The day of an African American President of the United States is no longer
coming. That day is here. Witnessing Barack Obama take the oath
of office, in the freezing cold with a million other people, is
surely one of the seven highlights of my life (along with witnessing
the birth of my four children, my second marriage and being present
at the Million Man March in 1995). The chests and breasts of black
people were bursting out with all “Americans” who shared in this
celebration. I was close enough to witness the look on his face
but far enough away to feel stymied in the pomp and circumstance
of a transition of power progress foreign to everyday people, particularly
every black people.
To be honest, this was the first Inauguration Day most first time attendees,
black-white-brown-red-yellow, ever wanted to attend. Foreign to
this process are people that have been rarely included. Washington’s
“power elite,” namely the corporate America and its lobbyists, had
to find another way to play - at least for one day, as the American
people reclaimed its country back and common man (woman) played
centered stage. On January 20th, race took a backstage in a way
that it rarely does. But for the fact that Barack is black, a fact
that in all its history-making glory was impossible to ignore, people
of all ideologies came together to celebrate this day.
even took pictures with some “Rednecks For Obama,” something I would
have sworn, just a year ago, I never would have done. But if rednecks
can put aside race and suppress a twisted ideology for the common
good of the nation, so can I. That was the power of Barack Hussein
Obama taking the oath of office. It was a great day for America,
and an even greater day for the people whose legacy is tied to those
who once labored in this nation as slaves. They certainly celebrated
this day, as they gave more than any of us ever could suggest, their
blood, sweat, tears, their lives and their deaths - and their freedom.
Leading up to Inauguration Day, the frequent commentary sought to suggest
that Martin Luther King, Jr’s “dream,” the nightmare of black America
that King so many times articulated in his speeches and highlighted
in the speech white America has chosen to romanticize in the aftermath
of King’s life, has been fulfilled. Barack Obama’s election and
swearing-in, which seemed to take forever in the past three and
a half months, is being framed as some kind of “payoff” on America’s
vicious past. That somehow, the election of a black President makes
up for the centuries, decades and generations of racial oppression
and economic subjugation that America tolerated (and on some levels,
still tolerates) is misguided.
Just for the record, America can elect ten black Presidents and never
make up for slavery and segregation. But the very thought that America,
and commentators in America, think that we’re “even” now, and that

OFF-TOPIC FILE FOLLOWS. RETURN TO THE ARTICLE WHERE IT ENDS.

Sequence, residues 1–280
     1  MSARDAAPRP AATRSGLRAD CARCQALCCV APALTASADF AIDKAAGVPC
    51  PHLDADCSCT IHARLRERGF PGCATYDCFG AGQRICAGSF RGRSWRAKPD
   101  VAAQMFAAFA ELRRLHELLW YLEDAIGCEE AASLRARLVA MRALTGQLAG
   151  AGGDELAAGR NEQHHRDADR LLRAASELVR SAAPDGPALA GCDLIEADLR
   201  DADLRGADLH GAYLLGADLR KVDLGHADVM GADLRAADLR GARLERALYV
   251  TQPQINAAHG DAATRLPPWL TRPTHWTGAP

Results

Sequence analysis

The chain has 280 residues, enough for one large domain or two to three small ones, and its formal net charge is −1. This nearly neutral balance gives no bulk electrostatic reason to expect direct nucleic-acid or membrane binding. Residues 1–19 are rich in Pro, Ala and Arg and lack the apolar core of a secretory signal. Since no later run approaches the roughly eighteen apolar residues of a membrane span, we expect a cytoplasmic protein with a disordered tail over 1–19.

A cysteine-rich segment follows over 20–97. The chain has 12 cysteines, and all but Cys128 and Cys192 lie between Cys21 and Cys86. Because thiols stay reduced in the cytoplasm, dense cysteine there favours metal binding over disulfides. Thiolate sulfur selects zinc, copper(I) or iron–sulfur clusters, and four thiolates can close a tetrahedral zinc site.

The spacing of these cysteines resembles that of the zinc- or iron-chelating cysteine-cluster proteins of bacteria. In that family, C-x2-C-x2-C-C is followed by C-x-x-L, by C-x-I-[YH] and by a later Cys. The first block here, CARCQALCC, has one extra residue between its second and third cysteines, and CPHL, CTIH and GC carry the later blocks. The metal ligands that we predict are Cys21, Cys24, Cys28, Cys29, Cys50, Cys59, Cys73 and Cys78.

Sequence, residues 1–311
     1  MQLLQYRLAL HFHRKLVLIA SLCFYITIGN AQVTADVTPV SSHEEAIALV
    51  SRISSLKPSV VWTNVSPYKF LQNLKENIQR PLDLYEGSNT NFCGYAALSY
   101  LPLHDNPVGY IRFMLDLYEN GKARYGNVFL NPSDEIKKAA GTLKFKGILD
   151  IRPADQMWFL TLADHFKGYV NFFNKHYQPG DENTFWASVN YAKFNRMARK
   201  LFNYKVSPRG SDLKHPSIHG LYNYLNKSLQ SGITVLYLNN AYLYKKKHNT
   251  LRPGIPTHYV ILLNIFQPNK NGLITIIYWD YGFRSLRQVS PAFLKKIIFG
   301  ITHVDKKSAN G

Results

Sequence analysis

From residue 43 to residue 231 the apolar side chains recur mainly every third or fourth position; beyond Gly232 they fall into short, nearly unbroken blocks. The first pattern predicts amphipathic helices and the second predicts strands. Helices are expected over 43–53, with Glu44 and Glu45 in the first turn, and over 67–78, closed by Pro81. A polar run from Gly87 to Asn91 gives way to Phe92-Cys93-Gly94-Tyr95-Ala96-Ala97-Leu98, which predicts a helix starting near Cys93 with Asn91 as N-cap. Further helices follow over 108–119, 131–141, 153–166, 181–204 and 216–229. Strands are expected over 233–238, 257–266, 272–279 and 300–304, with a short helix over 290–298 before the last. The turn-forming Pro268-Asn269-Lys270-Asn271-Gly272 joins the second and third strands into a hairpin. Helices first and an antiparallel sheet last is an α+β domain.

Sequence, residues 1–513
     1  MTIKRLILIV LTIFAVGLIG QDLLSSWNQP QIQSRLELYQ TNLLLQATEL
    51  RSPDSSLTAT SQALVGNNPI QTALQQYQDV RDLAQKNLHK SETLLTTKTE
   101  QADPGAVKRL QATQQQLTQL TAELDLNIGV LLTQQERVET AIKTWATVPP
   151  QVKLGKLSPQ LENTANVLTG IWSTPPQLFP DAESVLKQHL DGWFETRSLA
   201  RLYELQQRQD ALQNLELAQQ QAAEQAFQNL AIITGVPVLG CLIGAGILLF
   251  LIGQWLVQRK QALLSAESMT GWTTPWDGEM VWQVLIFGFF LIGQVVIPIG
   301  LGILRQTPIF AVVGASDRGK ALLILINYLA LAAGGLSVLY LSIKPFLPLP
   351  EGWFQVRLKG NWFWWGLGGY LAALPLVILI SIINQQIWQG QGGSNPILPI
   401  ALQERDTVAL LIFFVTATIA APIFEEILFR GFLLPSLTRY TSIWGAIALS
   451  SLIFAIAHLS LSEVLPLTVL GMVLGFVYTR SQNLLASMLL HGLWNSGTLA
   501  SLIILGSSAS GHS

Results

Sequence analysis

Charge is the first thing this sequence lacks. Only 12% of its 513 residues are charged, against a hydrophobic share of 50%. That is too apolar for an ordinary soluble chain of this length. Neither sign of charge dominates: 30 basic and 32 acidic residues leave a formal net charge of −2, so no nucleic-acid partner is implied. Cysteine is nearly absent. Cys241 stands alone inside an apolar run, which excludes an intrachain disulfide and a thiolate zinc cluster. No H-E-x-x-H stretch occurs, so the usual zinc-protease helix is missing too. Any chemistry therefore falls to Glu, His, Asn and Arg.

America has somehow gotten past race and racial differences, is
incredulous. The election of Barack Obama simply means America has
progressed to the extent that, in its worse realities, it was not
prepared to allow race to hold the nation back, as it once would
have. It doesn’t mean America has progressed to the extent where
it would look past race to allow the nation to move ahead.
is a difference, and here it is: we all know that Obama was the
superior candidate throughout the campaign season - but not one
person would have bet his or her home or life savings that Obama
would, for sure, be elected the next President of the United States.
The Republicans ran inferior candidates and presented the inferior
arguments, and even in the face of a discredited party and a failing
economy, John McCain was in the race until the last week before
the election. Even then, the nation feared a “Bradley effect” that
most whites wouldn’t vote for a black candidate - even when it became
obvious that the country really experienced a reverse Bradley effect
whereby many whites wanted to (and did) vote for the best candidate
but couldn’t publicly state they had for fear of being viewed as
traitors to white privilege and white interests.
Race is most subtle in American culture, but it is still present. Yes,
an aspect of Dr. King’s “dream” was fulfilled when America elected
Obama, based on the content of his character, and not on the color
of his skin. But America still has massive racial disparities in
income, wealth, health and education. America still prosecutes and
jails more African Americans, discriminates more in housing and
credit, charges them higher interest on loans, hires them last,
fires them first, still wages hates crimes against them in disproportionate
measure and mocks them disproportionately as less responsible, less
moral, less civil and less “patriotic.”
Black America has a long way to go to be considered full partners in
this “American Dream.” What we do know is that it took a huge leap
of faith in electing Barack Obama, and kept its promise in this
week’s swearing-in ceremony. Now,
black America is taking a huge leap of faith that the check marked
“insufficient funds” in the “dream” Dr. King spoke to 45 years ago
will be paid - not on the backs of future generations - but by the
dreams and aspirations of future generations of black youngsters
who never knew the real possibilities of their full potentials,
much less this possibility, because of race reality in America.
Has that really changed?
That is a question that is yet to be determined. In the meantime, we
know one thing for sure: no, the dream hasn’t been completely fulfilled.
But America made a helleva down payment in electing Barack Obama.
Maybe, just maybe, change has indeed come to America.
Dr. Anthony Asadullah Samad, is a national columnist, managing director
of the Urban Issues Forum
and author of Saving The Race: Empowerment Through Wisdom.
His Website is AnthonySamad.com.
to contact Dr. Samad.